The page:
The following review of 2019 Mathical Award Winner Nothing Stopped Sophie: The Story of Unshakable Mathematician Sophie Germain by Cheryl Bardoe was submitted by Mathical Selection Committee member Betsy Bird.
This is truly the Golden Hour for picture book biographies. Walk your local library or bookstore’s shelves to find titles celebrating people in too-little-lauded fields. Rocket scientists. Costume designers. Poets. And, once in a very great while, mathematicians. When I look at Nothing Stopped Sophie: The Story of Unshakable Mathematician Sophie Germain, I don’t just see a picture book biography of a female mathematician from the 1800s. I see possibility. I see heroism. I see remarkable strength in the face of opposition. Basically, I see a story more kids should really know (and adults too, while we’re at it).
Outwardly, there was little about Sophie Germain that would have raised any alerts that she was different from other girls living in 18th century France. Her father owned a fabric shop and she helped out. She’d stay up late reading. But rather than fiction or religious texts, Sophie liked to read and study math. Over time, Sophie got her math education under a male pseudonym. All that began to change when she witnessed an experiment involving the effect of vibrations on sand. When the Academy of Sciences offered a reward of 3,000 francs to anyone who could predict patterns of vibration with mathematical equations, it was Sophie that tried (and failed) and tried (and almost got it) and tried . . . and got it! Thanks to her work, we have tall buildings and powerful bridges. Endmatter in this book includes further notes on Sophie’s life, a bibliography, information on the effects of vibrations, and notes from the author and artist on their research and work.
“Part of what Bardoe does so well here is explain why Sophie’s work is important to us today, above and beyond the heroism of her own passions.”
Part of what Bardoe does so well here is explain why Sophie’s work is important to us today, above and beyond the heroism of her own passions. If Sophie had worked as a mathematician and written equations, that could be enough. Yet as it stands, her accomplishments, above and beyond becoming the first woman to win a grand prize from the Royal Academy of Sciences, are visible in our tallest buildings and our bridges. That’s a concrete thing to tie to a hitherto little-lauded figure. Meanwhile, McClintock integrates numbers into the text seamlessly. They are both a design element as well as a practical method of highlighting important concepts. From moments lost in daydreams of mathematics while surrounded by party chatter in a busy drawing room, to making vibrations in the street with her feet, the math appears in the air itself, like a living substance she breathes in.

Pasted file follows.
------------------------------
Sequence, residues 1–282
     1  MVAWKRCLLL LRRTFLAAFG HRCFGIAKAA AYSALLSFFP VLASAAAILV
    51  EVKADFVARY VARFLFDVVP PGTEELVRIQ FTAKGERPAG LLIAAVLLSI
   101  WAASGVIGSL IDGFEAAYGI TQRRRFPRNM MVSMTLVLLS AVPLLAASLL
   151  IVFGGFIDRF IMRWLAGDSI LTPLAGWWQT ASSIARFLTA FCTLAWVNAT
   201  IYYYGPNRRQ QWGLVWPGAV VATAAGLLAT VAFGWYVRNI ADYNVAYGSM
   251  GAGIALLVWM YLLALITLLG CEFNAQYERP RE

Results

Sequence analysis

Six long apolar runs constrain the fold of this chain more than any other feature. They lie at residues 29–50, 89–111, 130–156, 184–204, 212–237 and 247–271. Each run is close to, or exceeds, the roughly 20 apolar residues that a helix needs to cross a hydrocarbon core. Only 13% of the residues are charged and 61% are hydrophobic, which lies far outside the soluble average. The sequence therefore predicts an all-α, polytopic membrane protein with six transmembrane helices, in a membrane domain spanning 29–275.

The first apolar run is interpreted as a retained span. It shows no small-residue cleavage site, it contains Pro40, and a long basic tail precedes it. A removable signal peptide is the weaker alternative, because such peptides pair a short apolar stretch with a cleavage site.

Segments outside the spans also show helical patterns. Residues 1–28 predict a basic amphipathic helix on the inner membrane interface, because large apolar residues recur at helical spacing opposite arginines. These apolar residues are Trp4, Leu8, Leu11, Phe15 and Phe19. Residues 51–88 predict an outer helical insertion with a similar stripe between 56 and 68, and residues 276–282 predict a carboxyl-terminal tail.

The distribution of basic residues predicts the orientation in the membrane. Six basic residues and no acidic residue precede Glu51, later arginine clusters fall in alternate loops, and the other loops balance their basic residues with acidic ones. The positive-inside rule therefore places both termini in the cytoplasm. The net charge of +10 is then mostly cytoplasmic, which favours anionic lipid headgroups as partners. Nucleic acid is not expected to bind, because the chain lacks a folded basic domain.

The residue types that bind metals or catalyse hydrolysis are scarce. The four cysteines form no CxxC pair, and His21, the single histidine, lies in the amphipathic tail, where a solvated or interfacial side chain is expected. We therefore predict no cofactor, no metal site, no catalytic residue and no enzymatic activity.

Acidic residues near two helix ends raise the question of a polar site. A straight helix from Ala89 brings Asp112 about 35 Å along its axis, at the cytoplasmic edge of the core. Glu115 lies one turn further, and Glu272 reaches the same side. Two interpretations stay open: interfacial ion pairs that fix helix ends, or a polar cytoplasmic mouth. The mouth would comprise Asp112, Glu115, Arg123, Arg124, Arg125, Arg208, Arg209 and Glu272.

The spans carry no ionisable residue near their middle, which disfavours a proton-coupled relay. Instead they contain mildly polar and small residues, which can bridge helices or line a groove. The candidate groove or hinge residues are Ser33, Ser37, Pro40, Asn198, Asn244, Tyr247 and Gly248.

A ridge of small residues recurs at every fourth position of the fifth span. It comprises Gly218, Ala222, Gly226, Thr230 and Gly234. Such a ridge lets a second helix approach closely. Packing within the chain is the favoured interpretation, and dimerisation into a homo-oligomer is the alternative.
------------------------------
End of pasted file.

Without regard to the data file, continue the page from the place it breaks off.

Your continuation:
Biographies of female mathematicians are in a funny little place, these days. They’re out there, sure thing, but they’re almost entirely limited to math as it applies to computer science. You can understand why. With the rise of computers, women have seen their own opportunities grow and flourish. As a result we get women involved in the earliest days of programming (Ada Lovelace) as well as women with more contemporary flair (Grace Hopper and the mathematicians of Hidden Figures). Still, where’s the story about a girl who loved math and made a difference in a way that didn’t involve computers? Together, Bardoe and McClintock have provided just that. Bardoe had to turn a life into a story. McClintock had to make the invisible (mental mathematical equations) visible. That they not only succeeded but triumphed is to be lauded and loved. And whether or not they already like math or science, a lot of boys and girls are going to love this book.
Nothing Stopped Sophie: The Story of Unshakable Mathematician Sophie Germain
By Cheryl Bardoe, illustrated by Barbara McClintock
Little, Brown Books for Young Readers, 2018
2019 Mathical Award Winner, Grades K-2
Mathical selection committee member Elizabeth (Betsy) Bird is the collection development manager at the Evanston Public Library system, former youth materials specialist at the New York Public Library, and reviewer for Kirkus and The New York Times. Find her at A Fuse #8 Production or on Twitter @FuseEight.